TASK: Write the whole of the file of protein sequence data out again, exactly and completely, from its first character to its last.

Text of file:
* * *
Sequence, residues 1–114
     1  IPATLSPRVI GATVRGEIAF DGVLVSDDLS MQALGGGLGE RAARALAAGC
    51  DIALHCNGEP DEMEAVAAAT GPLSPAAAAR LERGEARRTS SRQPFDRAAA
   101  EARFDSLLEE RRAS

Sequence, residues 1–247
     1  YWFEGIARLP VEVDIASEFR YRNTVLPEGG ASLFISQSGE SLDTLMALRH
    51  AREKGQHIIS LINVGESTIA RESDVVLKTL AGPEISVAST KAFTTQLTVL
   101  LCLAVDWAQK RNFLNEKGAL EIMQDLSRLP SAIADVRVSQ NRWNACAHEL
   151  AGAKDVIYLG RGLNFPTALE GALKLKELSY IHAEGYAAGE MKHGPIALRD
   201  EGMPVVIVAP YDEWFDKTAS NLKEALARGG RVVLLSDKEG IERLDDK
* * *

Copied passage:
Sequence, residues 1–114
     1  IPATLSPRVI GATVRGEIAF DGVLVSDDLS MQALGGGLGE RAARALAAGC
    51  DIALHCNGEP DEMEAVAAAT GPLSPAAAAR LERGEARRTS SRQPFDRAAA
   101  EARFDSLLEE RRAS

Sequence, residues 1–247
     1  YWFEGIARLP VEVDIASEFR YRNTVLPEGG ASLFISQSGE SLDTLMALRH
    51  AREKGQHIIS LINVGESTIA RESDVVLKTL AGPEISVAST KAFTTQLTVL
   101  LCLAVDWAQK RNFLNEKGAL EIMQDLSRLP SAIADVRVSQ NRWNACAHEL
   151  AGAKDVIYLG RGLNFPTALE GALKLKELSY IHAEGYAAGE MKHGPIALRD
   201  EGMPVVIVAP YDEWFDKTAS NLKEALARGG RVVLLSDKEG IERLDDK